Within the mid–Atlantic region, the relationship among coyote range expansion, coyote population growth, and cattle depredation is further illustrated. As coyote numbers increased within central Appalachia, coyote depredations increased three–fold. Measurable levels of coyote depredations on cattle/calves in the Carolinas were not detected until the NASS survey in 2000 and the coastal states of New Jersey, Maryland and Delaware have yet to experience noticeably increased levels of coyote depredation. There are anecdotal reports in the western United States that coyote depredation on cattle is increasing as sheep numbers decline (sheep being relatively preferred prey); the Utah WS program recorded a 700-percent increase in requests for protection from cattle producers between 1998 and 2001 (M. Bodenchuk, USDA-APHIS-WS, personal communication). Evaluation of depredation by coyotes on cattle in the eastern United States is complicated by the possibility the eastern coyote has developed behavioral and morphological modifications that enhance its ability to successfully prey on larger animals (Parker, 1995).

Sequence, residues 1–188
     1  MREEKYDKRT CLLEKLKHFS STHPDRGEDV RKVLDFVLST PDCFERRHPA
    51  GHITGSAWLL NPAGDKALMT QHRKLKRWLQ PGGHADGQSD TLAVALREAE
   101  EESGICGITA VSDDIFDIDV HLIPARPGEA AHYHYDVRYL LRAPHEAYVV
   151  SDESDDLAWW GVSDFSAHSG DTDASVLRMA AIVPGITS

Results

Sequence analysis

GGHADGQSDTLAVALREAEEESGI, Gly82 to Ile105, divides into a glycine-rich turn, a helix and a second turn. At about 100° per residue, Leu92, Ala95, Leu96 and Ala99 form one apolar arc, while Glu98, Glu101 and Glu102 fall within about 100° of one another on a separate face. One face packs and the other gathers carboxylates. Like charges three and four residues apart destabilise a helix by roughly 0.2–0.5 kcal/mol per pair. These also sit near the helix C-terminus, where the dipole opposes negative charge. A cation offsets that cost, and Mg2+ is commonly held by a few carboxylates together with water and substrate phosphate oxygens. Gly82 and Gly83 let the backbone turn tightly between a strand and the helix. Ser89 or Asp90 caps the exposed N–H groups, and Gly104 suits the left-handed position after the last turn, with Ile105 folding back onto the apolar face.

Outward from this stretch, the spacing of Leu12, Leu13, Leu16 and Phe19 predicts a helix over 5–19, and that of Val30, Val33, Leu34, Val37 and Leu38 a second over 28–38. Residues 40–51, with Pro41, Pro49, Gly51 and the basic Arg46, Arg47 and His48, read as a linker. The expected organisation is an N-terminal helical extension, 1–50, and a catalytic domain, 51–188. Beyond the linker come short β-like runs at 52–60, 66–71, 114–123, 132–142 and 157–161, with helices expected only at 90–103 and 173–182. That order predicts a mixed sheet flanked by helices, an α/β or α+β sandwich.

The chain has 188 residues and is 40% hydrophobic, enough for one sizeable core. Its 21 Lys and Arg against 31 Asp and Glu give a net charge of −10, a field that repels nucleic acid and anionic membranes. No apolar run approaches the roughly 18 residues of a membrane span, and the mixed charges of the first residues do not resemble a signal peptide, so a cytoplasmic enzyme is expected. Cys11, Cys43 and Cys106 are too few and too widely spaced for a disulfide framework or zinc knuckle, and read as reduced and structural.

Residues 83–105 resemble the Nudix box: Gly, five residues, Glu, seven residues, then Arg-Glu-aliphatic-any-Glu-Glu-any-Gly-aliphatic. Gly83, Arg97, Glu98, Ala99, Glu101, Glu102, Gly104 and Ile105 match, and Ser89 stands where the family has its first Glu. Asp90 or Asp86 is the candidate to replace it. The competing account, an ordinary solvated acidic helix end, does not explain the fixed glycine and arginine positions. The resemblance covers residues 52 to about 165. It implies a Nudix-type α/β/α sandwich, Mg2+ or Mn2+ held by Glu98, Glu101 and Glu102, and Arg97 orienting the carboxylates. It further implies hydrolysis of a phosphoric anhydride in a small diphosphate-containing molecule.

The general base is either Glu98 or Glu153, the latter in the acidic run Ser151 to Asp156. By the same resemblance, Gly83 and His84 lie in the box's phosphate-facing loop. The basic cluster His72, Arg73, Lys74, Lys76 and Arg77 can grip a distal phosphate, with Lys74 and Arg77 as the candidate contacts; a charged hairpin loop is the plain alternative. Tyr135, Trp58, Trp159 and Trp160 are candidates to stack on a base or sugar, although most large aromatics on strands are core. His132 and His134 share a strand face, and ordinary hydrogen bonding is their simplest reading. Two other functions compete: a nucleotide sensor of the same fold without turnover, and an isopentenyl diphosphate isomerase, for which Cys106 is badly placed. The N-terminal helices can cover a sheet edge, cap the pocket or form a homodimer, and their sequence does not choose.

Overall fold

The impact of coyotes on livestock in the eastern United States is also reflected in the number of requests for assistance WS Eastern Region receives annually from the public. The number of technical assistance projects and the number of coyotes removed by WS Eastern Region programs increased during the 1990s. During 2000, WS Eastern Region programs received 874 requests from the public for technical assistance over coyote damage. The number of coyotes removed by WS Eastern Region programs increased from 72 in 1991 to 585 in 2000. This increased take of coyotes is reflective of both increased program field efforts and increases in coyote populations in the East. These two parameters further illustrate the increasing concern by the public over coyote depredations and need for assistance.
Integrated Predation Management Programs